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The Space Merchants

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  • Anonymous

    Posted August 20, 2007

    Consumerism vs Conservationism

    Written over 50 years ago, The Space Merchants is a dystopian vision of a future world obsessed by consumerism, where corporations have seats in congress and executives live the lives of rock stars. Advertising bigwig Mitch Courtenay has bagged his biggest challenge -- selling consumers on moving to the nigh-uninhabitable world of Venus for the purpose of exploiting its resources. Mitch soon learns that powerful forces oppose him -- his identity is stolen and replaced with that of a lowly laborer, forced to spend his days in the hot sun, skimming scum and incurring debt. His only chance to find his way back to his old life might be to turn to the underground Conservationist 'or 'Consie'' movement, whose ideals are directly opposed to Mitch's own. The Space Merchants is that rare sci-fi work that creates a future world solely to allow us to better examine the morals and values of our own world. Pohl's distaste for rampant capitalism was obviously influenced by his brief stint in the Communist Party 'and it's obvious what 'Consie' would have sounded like to any American in the early 1950s when this book was first published'. Although The Space Merchants is recognized as a classic in the science-fiction genre, after reading it I believe it belongs in classic literature, firmly between its spiritual brethren Brave New World and 1984.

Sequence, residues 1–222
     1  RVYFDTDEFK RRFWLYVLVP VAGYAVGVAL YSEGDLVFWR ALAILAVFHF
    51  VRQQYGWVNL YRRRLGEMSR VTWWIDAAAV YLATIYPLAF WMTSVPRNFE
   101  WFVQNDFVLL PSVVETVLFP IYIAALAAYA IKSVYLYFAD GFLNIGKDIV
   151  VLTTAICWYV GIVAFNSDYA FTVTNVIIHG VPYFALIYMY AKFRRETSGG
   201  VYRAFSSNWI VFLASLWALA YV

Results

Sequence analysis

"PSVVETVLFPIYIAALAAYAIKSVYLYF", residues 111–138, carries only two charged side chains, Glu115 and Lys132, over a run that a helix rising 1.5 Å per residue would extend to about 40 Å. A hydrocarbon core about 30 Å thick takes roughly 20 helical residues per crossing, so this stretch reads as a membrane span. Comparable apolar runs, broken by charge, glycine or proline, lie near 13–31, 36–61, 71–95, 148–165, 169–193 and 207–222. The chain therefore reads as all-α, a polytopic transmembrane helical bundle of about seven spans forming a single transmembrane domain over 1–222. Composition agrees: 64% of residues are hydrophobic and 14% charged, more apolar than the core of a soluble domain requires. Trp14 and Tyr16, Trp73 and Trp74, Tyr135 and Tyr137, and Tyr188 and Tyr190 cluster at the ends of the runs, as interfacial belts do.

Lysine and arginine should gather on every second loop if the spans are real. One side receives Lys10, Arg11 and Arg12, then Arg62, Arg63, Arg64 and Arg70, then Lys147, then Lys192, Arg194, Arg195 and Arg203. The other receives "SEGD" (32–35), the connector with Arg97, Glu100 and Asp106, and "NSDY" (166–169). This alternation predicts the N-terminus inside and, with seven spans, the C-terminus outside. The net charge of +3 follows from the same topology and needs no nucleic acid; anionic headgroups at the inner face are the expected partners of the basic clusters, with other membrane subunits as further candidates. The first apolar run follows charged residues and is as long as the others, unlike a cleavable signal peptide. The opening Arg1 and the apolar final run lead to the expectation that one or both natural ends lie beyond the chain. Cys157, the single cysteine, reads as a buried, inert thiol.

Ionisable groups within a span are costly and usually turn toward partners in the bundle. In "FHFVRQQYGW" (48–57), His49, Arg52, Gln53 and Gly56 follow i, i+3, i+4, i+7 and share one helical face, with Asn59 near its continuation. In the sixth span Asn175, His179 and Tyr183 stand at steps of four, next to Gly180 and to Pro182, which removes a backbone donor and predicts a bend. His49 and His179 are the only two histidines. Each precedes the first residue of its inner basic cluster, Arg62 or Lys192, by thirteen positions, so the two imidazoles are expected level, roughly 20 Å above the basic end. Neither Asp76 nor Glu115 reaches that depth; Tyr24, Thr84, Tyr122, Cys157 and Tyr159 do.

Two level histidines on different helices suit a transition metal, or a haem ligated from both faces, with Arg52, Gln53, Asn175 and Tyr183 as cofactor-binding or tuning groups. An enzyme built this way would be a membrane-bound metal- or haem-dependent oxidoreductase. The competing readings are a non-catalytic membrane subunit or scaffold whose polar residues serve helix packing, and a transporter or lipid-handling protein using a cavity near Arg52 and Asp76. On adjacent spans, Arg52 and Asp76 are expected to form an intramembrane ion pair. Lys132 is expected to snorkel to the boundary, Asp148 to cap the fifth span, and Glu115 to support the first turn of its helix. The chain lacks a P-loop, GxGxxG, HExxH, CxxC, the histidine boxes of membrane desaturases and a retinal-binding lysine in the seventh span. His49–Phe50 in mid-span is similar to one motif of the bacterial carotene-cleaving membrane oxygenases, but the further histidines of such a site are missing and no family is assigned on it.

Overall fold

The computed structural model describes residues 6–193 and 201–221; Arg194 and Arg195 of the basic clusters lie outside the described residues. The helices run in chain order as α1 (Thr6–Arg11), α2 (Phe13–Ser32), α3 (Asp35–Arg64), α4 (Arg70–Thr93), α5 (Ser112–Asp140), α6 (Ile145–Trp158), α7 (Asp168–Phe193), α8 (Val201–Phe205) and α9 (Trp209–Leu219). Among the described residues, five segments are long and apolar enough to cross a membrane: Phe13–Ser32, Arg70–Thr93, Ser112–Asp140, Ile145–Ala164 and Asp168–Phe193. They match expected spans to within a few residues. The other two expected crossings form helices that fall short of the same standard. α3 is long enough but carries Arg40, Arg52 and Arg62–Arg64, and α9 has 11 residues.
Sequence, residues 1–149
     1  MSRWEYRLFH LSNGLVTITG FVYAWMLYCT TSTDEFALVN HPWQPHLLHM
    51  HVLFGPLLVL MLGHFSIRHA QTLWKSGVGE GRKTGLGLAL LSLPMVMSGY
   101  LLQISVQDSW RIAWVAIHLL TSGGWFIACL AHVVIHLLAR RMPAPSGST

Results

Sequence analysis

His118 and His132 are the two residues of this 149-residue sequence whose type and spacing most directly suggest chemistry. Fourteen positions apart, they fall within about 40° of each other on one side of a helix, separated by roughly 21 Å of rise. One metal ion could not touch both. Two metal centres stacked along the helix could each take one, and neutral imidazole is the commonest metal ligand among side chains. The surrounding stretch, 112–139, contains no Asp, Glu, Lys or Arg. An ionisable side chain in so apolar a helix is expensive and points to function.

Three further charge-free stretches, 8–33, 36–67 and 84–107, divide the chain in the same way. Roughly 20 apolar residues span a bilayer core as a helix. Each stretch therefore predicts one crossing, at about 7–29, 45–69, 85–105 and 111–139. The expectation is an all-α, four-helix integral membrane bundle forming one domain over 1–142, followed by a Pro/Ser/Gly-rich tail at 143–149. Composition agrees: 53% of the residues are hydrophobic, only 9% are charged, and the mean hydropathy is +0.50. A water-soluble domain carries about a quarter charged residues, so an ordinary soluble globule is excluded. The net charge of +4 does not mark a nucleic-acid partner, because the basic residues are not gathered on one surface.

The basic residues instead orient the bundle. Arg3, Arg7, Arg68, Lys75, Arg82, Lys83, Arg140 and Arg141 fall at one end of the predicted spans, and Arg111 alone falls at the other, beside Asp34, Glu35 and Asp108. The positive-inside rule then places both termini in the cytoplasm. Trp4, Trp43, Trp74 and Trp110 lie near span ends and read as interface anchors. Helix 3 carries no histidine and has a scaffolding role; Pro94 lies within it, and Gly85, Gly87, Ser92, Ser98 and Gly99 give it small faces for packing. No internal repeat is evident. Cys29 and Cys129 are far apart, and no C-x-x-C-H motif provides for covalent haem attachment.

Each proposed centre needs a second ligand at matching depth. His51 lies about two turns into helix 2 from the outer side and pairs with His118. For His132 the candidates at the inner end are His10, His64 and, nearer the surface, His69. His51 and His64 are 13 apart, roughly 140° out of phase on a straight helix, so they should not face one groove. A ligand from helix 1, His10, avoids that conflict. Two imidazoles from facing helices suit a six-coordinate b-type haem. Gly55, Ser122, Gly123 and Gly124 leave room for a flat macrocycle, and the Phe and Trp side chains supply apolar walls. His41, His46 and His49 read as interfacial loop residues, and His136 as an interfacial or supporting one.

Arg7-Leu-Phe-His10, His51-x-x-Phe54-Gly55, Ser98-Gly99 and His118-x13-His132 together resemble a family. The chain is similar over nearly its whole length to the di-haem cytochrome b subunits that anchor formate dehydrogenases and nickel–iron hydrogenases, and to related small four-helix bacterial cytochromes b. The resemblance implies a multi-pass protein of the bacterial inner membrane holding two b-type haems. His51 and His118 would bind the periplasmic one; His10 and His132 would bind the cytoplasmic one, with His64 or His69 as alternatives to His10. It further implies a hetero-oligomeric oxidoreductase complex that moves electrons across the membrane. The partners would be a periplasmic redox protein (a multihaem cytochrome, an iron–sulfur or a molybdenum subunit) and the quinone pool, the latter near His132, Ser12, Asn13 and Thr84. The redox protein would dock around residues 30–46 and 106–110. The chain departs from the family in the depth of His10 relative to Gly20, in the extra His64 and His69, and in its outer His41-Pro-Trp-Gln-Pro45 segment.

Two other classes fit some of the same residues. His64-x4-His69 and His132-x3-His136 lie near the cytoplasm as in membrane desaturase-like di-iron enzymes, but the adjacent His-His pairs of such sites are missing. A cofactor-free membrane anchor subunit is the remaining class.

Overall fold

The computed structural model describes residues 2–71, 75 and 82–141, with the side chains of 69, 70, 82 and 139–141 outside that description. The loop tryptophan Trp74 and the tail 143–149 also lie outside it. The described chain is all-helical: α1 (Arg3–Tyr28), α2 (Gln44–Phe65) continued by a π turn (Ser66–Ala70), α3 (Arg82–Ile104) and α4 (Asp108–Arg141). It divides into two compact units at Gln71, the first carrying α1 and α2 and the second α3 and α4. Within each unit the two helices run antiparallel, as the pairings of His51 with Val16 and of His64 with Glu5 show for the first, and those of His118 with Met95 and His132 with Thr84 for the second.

1 out of 1 people found this review helpful.

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  • Anonymous

    Posted October 29, 2002

    sc-fi satirical masterpiece

    This book was recommended to me by my English Literature tutor at Glasgow University when I told him I was returning to the U.S.It turned out to be a remarkably accurate depiction of the world that we wake up to every day.

    1 out of 1 people found this review helpful.

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  • Posted October 14, 2011

    more from this reviewer

    classic dystopian thriller still relevant

    International corporations run the world as they own the governments. CEOs rule society with their advertising gurus the keys by not just twisting the truth but selling lies persuading the downtrodden that "God has created the world and that, therefore, the world must be perfect" (Voltaire). These experts live lifestyles of wasteful abundance while the commoners lack fuel, water and food; and share one room dumps.

    Fowler Shocken Associates executive Mitchell Courtenay is assigned spinning Venus the planet from hell as an idyll place to live. Though he knows this will anger his beloved ethical Kathy, he looks forward to the folk tale he will sell. However, someone steals Mitchell's social security identifier by tattooing additional numbers onto his arm that makes him a laborer with a large debt. He knows he has no hope of returning to his affluence lifestyle as the government bureaucracy demands bribes and a corporate buddy sold his downward spiraling spin. His only chance for salvation resides with those ridiculed by the brainwashed commoners, the Consie opposition.

    Frederik Pohl states in the Preface to this powerful timely satire that he revised aspects of the plot to eliminate "minor scientific or logical errors". Although mostly undetectable except for names, some of the changes lead to disconnect with predominate acceptable social mores of the early 1950s. Still this remains a classic dystopian thriller that condemns a world driven by corporate spin masters as the authors mock Madison Ave. for the corporate takeover of government. The Space Merchants revision retains its keen lampooning of a world falling in disarray while people on need are sold on "What A Wonderful World" (by George David Weiss and George Douglas).

    Harriet Klausner

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  • Anonymous

    Posted April 19, 2010

    No text was provided for this review.

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